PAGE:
Image is framed in green and in the lower left corner is green/blue diagonal box with blue "unequal" sign and green text that reads Boycott Autism Speaks
Image is framed in green and in the lower left corner is green/blue diagonal box with blue “unequal” sign and green text that reads Boycott Autism Speaks

Why I #BoycottAutismSpeaks by Jane Strauss

Originally published as a Facebook Note here.


Two words:  Hate Speech.

Whenever an organization engages in eugenics-oriented research funding and rhetoric, they spew hate.

Whenever an organization makes excuses for people who murder or attempt to murder a person based on their disability, they spew hate.

Whenever an organization supports “treatment methods and organizations” that torture people, resulting in bodily harm, PTSD, or both, they spew hate.

Whenever an organization focuses the majority of their efforts on eliminating people or attributing blame for a disability rather than improving quality of life, they spew hate.

Whenever an organization purports to speak for disabled people without including us in a meaningful way, while using war rhetoric that strikes at the core of our very way of being, they spew hate.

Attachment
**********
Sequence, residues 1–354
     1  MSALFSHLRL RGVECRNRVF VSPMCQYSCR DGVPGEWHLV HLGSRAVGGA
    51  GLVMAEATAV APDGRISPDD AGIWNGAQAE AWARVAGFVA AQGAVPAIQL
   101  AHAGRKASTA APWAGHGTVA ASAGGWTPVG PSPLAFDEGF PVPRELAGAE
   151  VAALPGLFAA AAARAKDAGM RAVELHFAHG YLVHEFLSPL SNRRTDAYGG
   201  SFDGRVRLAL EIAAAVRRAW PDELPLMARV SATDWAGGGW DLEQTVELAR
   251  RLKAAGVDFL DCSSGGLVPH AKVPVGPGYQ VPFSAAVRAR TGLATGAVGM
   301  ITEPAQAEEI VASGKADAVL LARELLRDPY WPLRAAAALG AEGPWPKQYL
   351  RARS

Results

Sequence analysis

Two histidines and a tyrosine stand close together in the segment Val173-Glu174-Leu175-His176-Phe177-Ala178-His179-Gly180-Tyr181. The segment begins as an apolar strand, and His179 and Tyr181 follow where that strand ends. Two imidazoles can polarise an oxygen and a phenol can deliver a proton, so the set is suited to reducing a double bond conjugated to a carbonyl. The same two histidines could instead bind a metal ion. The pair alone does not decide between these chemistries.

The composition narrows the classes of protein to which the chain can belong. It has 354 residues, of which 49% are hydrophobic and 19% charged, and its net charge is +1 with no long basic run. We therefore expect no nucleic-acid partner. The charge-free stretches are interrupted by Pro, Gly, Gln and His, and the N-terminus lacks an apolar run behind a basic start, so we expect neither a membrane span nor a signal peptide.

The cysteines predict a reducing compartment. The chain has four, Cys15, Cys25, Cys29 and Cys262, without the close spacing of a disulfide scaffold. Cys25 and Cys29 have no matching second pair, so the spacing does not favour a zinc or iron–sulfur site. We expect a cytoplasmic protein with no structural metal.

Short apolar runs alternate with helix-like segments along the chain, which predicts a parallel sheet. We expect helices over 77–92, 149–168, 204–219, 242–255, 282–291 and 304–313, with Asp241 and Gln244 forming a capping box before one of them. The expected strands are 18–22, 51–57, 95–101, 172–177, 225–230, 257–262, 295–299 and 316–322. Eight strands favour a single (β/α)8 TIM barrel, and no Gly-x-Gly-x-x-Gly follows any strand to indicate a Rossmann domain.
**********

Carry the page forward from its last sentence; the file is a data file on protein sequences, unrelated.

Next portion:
Whenever an organization espouses “awareness” that engenders hatred instead of understanding and compassion, they spew hate.

Autism Speaks and its founders do all of these.  There is already too much hatred in the world.  There is no need to add more.


Image is framed in green and in the lower left corner is green/blue diagonal box with blue "unequal" sign and green text that reads Boycott Autism Speaks
Image is framed in green and in the lower left corner is green/blue diagonal box with blue “unequal” sign and green text that reads Boycott Autism Speaks